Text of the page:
Career Advice for your Children

Parents have to be more pragmatic in how they advise their offspring, so students gain the skills needed by business, according to Mark Venning, Chairman of the Canadian Education and Research Institute for Counselling, as quoted by the Globe and Mail in Toronto today.  Globe Article

Excuse me?

If there is a group that is consistently pragmatic in their advice to the next generation, it’s the parents. If I was looking for a group that needs to be more pragmatic, I would pick the universities, who constantly preach the message of learning for learning’s sake and distance themselves from the job market.

Be A Consultant

Being a parent of an older child is like being a consultant.  As a consultant, I have responsibility, but no authority.  I can’t actually tell anyone to do anything.  The best I can do is point out the consequences of not doing what I advise.  To help my clients, I have to be a good listener and a diplomatic advisor.  It’s not enough to be right.  I have to be practical and understand my client’s situation in order to be effective.

A Scary Future

The future is scary for many young people.  The more aware of the world they are, the scarier it can be.  Many don’t see themselves as having the power to change things.  They are already cynical and they haven’t even started!  My wife tells the story of a student asking, “Why would I want to be on the relentless treadmill of life?”  Why indeed?

Follow Your Passion – Hunh?

Many children are told to follow their dream.  What exactly does that mean when you’re not sure you know what your passion is?  My advice to my children was to pick something and experiment.  More importantly, I gave them permission to back out and try something different.  You learn so much more about yourself by putting energy into something than by sitting on the sidelines, even if you decide it’s not for you.

When I was twenty, I had no idea what my passion was.  From an early age, my mother took me along when she volunteered, but I didn’t know how much a difference the charitable sector would make in my life.   Did you know what you wanted to do with your life at that age?  Did your university courses train you for your current career?  Remember the person you were when you talk to people in that position today.

So, don’t take the advice of the pundits quoted in the paper.  Get to know the challenges your child faces from their point of view and be their consultant as they make the choices that will shape their future.

3 Comments on “Career Advice for your Children

  1. I like the idea of telling young people to FIND their passions. As you and I both learned, the indications arise gradually and result in unanticipated opportunity. College should be part of that discovery process rather than the training ground for a profession. Graduates still need molding when they enter an industry and even then areas of specialization unfold without expectation.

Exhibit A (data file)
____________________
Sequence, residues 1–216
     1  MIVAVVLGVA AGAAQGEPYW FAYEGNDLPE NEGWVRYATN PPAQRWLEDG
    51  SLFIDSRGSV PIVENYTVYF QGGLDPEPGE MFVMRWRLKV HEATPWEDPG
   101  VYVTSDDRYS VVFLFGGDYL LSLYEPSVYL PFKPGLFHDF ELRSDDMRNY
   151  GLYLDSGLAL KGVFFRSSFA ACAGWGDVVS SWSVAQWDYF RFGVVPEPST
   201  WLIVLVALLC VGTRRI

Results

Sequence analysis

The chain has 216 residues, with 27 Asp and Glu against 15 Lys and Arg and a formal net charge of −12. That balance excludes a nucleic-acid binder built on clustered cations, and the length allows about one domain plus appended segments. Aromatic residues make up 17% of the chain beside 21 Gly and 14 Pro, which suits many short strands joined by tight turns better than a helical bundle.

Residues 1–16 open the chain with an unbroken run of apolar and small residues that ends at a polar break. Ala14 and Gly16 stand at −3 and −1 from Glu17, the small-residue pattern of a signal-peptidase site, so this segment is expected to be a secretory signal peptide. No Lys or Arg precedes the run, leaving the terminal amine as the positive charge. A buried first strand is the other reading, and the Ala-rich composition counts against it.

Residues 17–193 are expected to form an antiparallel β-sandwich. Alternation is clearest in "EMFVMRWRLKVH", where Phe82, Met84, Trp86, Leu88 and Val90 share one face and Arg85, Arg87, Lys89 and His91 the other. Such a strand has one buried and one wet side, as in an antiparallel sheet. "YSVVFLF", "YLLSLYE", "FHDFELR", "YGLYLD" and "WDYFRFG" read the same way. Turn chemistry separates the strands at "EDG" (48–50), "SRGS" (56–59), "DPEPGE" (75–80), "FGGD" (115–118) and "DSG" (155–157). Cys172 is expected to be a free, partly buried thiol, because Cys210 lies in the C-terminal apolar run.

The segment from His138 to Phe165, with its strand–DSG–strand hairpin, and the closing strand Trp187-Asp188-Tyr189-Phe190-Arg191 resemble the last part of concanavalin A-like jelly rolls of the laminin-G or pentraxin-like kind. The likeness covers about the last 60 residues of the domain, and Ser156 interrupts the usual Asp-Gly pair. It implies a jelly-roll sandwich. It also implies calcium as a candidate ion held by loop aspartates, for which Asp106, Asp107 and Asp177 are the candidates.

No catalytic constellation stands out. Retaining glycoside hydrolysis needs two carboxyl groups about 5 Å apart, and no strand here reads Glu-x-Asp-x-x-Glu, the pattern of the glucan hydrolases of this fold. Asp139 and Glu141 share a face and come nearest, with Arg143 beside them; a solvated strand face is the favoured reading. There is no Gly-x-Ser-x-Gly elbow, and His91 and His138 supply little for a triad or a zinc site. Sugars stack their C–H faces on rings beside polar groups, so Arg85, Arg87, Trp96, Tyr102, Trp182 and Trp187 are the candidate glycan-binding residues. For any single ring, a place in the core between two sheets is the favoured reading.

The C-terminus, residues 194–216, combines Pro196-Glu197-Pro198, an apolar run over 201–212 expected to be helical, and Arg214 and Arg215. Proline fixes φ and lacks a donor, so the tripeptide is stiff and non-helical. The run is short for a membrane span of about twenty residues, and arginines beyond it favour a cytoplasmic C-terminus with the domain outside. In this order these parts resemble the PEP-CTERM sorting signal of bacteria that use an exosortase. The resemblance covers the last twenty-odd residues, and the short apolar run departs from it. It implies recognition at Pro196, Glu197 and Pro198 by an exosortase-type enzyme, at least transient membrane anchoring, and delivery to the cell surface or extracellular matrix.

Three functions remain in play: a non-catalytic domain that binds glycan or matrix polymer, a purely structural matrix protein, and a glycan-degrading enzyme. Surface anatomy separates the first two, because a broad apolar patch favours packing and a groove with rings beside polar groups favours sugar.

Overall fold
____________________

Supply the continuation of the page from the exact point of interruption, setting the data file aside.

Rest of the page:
My favorite conversation is asking people what job they aspired to when they were children, what work they planned to eventually pursue when engaged in college studies, and what they eventually ended up doing in their careers. The variances between the three responses of each person are astounding.

    • So true, Brian. There’s an awesome book, actually written over 30 years ago, called Wishcraft. It was designed to help women who had taken time off to raise children find their way back into a job market that seemed so different from the one they remembered. It’s now a free website, and it has some practical tips for figuring out what you want to do with your life.

      Reading between the lines, it also has some wonderful tips for parents, just like you said: “Help young people FIND their passions.” Unfortunately, the reality of the market place is that children have to start making life altering decisions as early as grade 10. For example, if you drop science, you have no chance of becoming a doctor. It’s much too early to make that kind of decision at age 16. But what I told my children was to experiment. Even after they started college, I checked in with them to see whether they still felt they were headed in the right direction. I would rather they commit to something and then realize they have to change course than to sit on sidelines wondering what they were going to do.

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